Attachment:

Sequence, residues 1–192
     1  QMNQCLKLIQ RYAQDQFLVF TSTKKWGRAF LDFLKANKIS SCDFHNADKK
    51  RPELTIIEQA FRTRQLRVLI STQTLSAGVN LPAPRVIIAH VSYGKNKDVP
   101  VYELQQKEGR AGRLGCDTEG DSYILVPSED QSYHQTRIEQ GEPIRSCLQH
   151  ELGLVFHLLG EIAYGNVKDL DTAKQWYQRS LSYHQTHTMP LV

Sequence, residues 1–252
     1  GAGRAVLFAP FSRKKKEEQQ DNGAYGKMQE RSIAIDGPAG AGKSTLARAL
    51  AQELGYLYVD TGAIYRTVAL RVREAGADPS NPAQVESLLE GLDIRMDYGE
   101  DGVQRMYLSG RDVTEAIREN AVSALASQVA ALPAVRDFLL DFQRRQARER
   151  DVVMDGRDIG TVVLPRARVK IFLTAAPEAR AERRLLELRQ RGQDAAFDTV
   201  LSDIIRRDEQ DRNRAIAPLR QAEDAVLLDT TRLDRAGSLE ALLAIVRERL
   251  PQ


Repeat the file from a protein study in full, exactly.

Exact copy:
Sequence, residues 1–192
     1  QMNQCLKLIQ RYAQDQFLVF TSTKKWGRAF LDFLKANKIS SCDFHNADKK
    51  RPELTIIEQA FRTRQLRVLI STQTLSAGVN LPAPRVIIAH VSYGKNKDVP
   101  VYELQQKEGR AGRLGCDTEG DSYILVPSED QSYHQTRIEQ GEPIRSCLQH
   151  ELGLVFHLLG EIAYGNVKDL DTAKQWYQRS LSYHQTHTMP LV

Sequence, residues 1–252
     1  GAGRAVLFAP FSRKKKEEQQ DNGAYGKMQE RSIAIDGPAG AGKSTLARAL
    51  AQELGYLYVD TGAIYRTVAL RVREAGADPS NPAQVESLLE GLDIRMDYGE
   101  DGVQRMYLSG RDVTEAIREN AVSALASQVA ALPAVRDFLL DFQRRQARER
   151  DVVMDGRDIG TVVLPRARVK IFLTAAPEAR AERRLLELRQ RGQDAAFDTV
   201  LSDIIRRDEQ DRNRAIAPLR QAEDAVLLDT TRLDRAGSLE ALLAIVRERL
   251  PQ